"Get over here Rockville Centre".... we had lots of fun at the local establishments....
One fb game day morning I was walking down ND avenue by the ND apartments. I saw BP working a keg...I called out "Pete Crotty". "Get over here". He reaches over the balcony and pulls me up. We had a great time. His Ali McGraw knock off girlfriend wasn't too happy though.... Holy Sh** that was an awesome day.


we were a bad defense with Jaylon last year
by jt  (2016-12-20 00:26:15)     Delete  |  Edit  |  Return to Board  |  Ignore Poster   |   Highlight Poster  |   Reply to Post

we would have been bad with him this year as well.

The scheme is fundamentally unsound, just like all of the Rex Ryan shit that we see in the NFL. It leads to being sloppy and is very difficult to plug and play new guys because the learning curve is too steep.

It starts with the head coach; his job is to set the tone for the program and (in Lou Holtz's words) "to coach the assistant coaches." Kelly obviously ignored most of his responsibilities here and was basically the OC/QB coach and outsourced the rest of it. You see the results on the field and in his recruiting.


The juxtaposition from the Lou years is unbelieveable
by irishfred  (2016-12-20 00:17:47)     cannot delete  |  Edit  |  Return to Board  |  Ignore Poster   |   Highlight Poster  |   Reply to Post

Watching Pat Eilers almost start crying when he recalls the famous "save Jimmy Johnson's ass for me" is all that you need to see to understand the difference between Lou (a leader) and whatever it is we have now...

Holtz' teams would run through a brick wall for their head coach. Alvarez calmed them down during times of extreme stress. They were controlled. They were committed. They would inspire. They would coach.

Lou saw Zorich crying and upset after the end of the 1987 season. He wanted him to be a major part of the team in the next year. He saw someone that cared immensely about ND football and wanted to place him in a situation to help the team win.

Lou placed Eilers into the game for a TD against Miami, who was an unlikely carrier at that time for a touchdown, because "He needed someone that he could count on. He makes us a better team."

Those dudes bought into what their leader was selling. They were crazed and would do whatever their coach told them to do.

Those well-coached teams won a lot of games. They almost won a few National Championships. That's what a leader does for a team.

Lou benched Tony Brooks and Ricky Watters for breaking team rules before the biggest game of their careers. They were back to South Bend on a plane immediately. Was there a leadership void on that field back in 1988 when they were to play USC as an undefeated ND team?

Back in 1988, the true leader was pacing the sidelines.

There's countless stories that you can tell about Lou's coaching tenure. Can you imagine the chances of our current head coach doing anything remotely similar in a analogous situation? Zero? None?

We are trying to deduce the reason why we are 4-8 by blaming the players for not exuding a sense of leadership on our football team? Because players graduated and left Notre Dame?

We have lost our minds.



Well said. *
by Moff  (2016-12-20 07:12:59)     Delete  |  Edit  |  Return to Board  |  Ignore Poster   |   Highlight Poster  |   Reply to Post


If Tim Brown had stayed in 1988, and we hadn't lost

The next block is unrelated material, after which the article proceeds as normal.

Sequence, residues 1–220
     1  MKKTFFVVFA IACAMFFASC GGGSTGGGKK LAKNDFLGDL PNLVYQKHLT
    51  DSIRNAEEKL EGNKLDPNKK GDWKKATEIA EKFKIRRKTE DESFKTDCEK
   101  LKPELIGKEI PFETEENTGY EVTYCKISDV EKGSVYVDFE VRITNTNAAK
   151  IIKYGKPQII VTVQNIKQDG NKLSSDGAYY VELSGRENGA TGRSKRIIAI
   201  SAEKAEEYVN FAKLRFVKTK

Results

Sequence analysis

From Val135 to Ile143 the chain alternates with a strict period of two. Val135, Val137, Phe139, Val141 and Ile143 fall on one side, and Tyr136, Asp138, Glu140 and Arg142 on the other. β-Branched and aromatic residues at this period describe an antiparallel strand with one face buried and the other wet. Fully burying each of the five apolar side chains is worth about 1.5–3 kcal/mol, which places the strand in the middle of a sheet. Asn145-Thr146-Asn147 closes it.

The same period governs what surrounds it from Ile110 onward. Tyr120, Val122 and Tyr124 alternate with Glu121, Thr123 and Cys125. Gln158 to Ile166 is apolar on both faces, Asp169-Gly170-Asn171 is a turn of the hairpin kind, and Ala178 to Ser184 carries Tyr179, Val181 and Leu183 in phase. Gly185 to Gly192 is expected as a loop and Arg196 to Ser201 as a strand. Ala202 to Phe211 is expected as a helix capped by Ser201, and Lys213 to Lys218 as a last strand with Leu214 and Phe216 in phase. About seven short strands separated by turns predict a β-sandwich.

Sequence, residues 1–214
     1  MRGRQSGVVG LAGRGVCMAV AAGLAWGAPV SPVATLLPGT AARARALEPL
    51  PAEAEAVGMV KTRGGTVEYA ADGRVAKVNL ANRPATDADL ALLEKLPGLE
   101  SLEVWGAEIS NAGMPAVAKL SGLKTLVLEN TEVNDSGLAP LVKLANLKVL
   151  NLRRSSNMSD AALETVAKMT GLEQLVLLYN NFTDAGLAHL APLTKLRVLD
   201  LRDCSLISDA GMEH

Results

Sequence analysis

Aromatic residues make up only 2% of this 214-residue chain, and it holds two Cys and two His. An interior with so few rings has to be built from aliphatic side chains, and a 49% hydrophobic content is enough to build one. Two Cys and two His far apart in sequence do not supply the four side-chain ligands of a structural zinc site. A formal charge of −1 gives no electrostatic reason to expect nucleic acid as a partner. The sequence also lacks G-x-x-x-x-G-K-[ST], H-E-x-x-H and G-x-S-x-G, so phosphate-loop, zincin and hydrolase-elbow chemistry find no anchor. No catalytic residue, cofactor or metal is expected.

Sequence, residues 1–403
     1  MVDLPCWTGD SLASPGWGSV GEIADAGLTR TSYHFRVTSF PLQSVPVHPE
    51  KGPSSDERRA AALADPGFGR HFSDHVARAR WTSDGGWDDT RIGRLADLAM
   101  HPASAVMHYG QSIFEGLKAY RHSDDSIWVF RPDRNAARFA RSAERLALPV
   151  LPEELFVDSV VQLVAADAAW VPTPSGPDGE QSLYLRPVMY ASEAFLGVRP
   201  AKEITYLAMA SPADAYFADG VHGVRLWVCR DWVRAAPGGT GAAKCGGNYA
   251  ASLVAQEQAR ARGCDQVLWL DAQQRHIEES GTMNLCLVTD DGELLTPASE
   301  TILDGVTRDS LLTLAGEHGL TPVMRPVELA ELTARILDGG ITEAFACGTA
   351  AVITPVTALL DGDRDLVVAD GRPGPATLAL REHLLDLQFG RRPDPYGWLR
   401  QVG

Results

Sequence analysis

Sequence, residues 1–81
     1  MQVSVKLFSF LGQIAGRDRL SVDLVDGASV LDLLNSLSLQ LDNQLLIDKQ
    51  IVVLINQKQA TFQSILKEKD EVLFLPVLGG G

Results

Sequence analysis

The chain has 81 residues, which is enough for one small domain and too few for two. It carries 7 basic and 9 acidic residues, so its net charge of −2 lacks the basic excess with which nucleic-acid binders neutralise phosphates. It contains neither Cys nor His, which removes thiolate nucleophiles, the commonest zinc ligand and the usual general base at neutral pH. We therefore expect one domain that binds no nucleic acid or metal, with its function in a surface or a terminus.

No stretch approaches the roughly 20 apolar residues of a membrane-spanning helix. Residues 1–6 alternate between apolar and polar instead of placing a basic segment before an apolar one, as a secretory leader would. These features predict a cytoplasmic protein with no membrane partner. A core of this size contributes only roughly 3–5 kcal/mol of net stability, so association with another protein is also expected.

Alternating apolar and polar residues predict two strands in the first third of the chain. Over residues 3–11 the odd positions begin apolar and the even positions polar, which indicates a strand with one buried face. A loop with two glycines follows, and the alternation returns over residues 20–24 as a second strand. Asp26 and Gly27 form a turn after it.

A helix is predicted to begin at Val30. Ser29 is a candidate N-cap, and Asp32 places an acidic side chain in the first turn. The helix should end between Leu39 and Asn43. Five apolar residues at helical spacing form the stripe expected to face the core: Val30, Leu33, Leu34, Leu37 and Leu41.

by Moff  (2016-12-19 23:12:39)     cannot delete  |  Edit  |  Return to Board  |  Ignore Poster   |   Highlight Poster  |   Reply to Post

the entire offensive line, the entire defensive line, both Academic All-American kickers, all the starting WRs, our senior QB, just about the entire defensive staff, an OLB, and two starting DBs, and did not have to start at least nine or ten guys (not to mention two kickers and two returners) who were brand new to college football or their positions, would we have avoided 4-8 and won the national championship? Could we have beaten the rest of the Top 5 (as opposed to a bunch of teams with losing records) on the way?

In 1993, if we hadn't lost the No. 2 overall pick in the NFL draft in Rick Mirer, #10 overall in Bettis, #17 overall in Tom Carter, #20 overall in Irv Smith, #34 Demetrius DuBose, #45 Reggie Brooks, 4th rounder Devon McDonald, 5th rounder Lindsey Knapp, and 8th Rounder Craig Hentrich, does anyone doubt we would not have gone 4-8 in 1993, especially if our presumptive starting QB didn't also break his collarbone right before the season? How could we hang with the team of the century, FSU?

This is college football. People graduate (or nowadays bug out before their eligibility is up to play elsewhere). You don't lose to Navy and Duke - teams that don't have a single damn player you would ever recruit - because some guys moved on. And they moved on for a reason. We didn't have "arrests, undisciplined play, poor tackling, penalties after coming out of time outs, sloppy special teams, the Tillery nonsense, etc, etc" when we lost the guys listed above to the NFL, or when Rocket left early. The guys we had this year were perfectly capable of beating the teams we played. We didn't chuck the ball all over the field in a hurricane due to a lack of leadership. It's the damn coaching.

I met Jaylon. He is a real nice guy. No one was scared shitless of him, any more than the other guys listed above. This isn't a business. It's Notre Dame Football. Or at least it was.


Fantastic post. The turnover and lost talent heading
by JoyceSouthGater  (2016-12-20 10:57:55)     Delete  |  Edit  |  Return to Board  |  Ignore Poster   |   Highlight Poster  |   Reply to Post

into that '88 season was incredible.